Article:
14:25 GMT18 January 2021
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    Recently, Iran said it would support measures to stabilize the global oil market, including an agreement on joint measures with Russia and Saudi Arabia. However, in fact, Tehran is unlikely to join such an agreement because this contradicts Iran’s interests, American experts told RIA Novosti.

    On Monday, Russia and Saudi Arabia came to an agreement on joint measures and coordination with other crude producers to stabilize the global oil market.

    The response from Iranian President Hassan Rouhani was positive. He said that his country will support any measures aimed at stabilizing the prices if those measures are based on equal production quotas.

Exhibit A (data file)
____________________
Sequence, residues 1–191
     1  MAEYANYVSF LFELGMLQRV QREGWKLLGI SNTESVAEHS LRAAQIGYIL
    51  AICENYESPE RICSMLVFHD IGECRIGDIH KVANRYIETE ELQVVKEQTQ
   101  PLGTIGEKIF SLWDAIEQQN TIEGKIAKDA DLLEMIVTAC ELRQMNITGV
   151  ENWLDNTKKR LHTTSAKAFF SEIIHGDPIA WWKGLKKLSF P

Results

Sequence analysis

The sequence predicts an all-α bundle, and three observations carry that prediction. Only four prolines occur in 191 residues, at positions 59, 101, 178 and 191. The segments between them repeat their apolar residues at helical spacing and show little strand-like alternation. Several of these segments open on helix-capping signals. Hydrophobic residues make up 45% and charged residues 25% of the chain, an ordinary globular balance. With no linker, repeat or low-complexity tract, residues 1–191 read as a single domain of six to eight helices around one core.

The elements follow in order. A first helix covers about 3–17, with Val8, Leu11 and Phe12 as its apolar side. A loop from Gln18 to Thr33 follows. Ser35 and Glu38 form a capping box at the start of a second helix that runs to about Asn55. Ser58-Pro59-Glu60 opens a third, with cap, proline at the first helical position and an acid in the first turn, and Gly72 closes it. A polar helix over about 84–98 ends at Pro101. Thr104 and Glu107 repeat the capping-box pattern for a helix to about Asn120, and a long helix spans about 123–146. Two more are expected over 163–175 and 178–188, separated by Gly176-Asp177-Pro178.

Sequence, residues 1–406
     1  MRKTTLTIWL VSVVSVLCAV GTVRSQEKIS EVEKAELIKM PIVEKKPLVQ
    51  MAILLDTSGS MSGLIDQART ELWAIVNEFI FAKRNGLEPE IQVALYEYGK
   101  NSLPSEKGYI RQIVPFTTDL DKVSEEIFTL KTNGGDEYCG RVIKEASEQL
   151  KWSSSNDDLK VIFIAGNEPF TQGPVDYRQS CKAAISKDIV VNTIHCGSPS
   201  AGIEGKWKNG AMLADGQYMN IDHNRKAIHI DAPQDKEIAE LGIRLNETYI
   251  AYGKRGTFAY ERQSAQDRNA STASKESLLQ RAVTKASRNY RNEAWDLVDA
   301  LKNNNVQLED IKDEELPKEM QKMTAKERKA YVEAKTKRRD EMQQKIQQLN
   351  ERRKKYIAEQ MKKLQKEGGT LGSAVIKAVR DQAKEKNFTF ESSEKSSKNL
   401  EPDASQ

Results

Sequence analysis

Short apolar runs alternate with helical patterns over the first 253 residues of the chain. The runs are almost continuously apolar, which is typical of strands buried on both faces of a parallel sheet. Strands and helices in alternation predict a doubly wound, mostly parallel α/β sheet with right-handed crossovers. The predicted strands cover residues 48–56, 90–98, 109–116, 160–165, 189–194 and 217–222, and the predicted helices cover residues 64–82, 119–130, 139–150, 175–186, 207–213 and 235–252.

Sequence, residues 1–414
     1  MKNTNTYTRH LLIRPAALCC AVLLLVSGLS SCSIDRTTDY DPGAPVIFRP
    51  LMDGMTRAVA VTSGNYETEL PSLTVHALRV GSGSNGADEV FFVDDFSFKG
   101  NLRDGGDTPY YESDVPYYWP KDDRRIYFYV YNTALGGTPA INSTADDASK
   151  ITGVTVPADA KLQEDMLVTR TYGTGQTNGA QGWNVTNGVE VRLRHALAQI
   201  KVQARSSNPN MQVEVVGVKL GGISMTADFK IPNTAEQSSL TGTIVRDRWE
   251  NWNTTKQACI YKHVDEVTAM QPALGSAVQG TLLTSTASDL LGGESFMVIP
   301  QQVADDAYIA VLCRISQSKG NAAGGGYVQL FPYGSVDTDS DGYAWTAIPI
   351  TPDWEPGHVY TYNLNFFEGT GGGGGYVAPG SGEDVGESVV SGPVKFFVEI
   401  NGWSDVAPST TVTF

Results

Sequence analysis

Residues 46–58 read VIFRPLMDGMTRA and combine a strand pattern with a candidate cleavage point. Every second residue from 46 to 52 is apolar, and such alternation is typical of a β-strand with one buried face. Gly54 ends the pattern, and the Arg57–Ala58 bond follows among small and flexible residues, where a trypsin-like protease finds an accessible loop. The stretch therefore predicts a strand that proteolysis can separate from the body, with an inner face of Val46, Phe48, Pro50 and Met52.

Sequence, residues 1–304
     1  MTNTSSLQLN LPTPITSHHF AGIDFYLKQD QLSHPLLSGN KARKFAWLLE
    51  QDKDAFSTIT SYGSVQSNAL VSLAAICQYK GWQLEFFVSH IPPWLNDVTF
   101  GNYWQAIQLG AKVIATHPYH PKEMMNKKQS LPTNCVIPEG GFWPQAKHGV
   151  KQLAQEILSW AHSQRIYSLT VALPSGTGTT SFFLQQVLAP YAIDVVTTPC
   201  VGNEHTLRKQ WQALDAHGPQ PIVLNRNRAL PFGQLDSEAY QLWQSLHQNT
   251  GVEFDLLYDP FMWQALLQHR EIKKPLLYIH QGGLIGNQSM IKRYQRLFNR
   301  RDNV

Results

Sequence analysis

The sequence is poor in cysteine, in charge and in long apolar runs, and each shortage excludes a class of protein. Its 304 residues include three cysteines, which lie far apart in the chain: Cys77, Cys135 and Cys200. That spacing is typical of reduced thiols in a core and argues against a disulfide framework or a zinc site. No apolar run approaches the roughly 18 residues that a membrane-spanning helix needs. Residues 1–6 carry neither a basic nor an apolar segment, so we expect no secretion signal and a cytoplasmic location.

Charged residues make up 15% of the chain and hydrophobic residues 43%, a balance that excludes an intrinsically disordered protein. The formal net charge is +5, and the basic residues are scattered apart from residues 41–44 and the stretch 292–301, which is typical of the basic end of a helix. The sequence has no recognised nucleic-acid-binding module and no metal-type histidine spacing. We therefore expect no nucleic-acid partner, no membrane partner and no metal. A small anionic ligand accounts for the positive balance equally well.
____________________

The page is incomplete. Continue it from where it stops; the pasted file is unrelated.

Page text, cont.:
At the same time, he abandoned his previous statement that Iran would not freeze output until the Iranian oil industry reached the pre-sanctions production level (4 million barrels a day).

    By sending such controversial signals, Iran wants to have scope for maneuvers because the agreement does not comply with Tehran’s interests, Charles McConnell, Executive Director Energy and Environment Initiative at Rice University, said.

    On the other hand, in the future, an alliance between Russia and Saudi Arabia could become more powerful than OPEC because Moscow and Riyadh are the world’s two biggest oil producers, Michael Moore, Vice President at FearnOil and Executive Director of the NACCSA, said.

    By expressing formal and non-binding support, Iran is using a "normal political tactic," McConnell concluded.


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    oil market, oil prices, agreement, OPEC, Hassan Rouhani, Iran, Russia, Saudi Arabia
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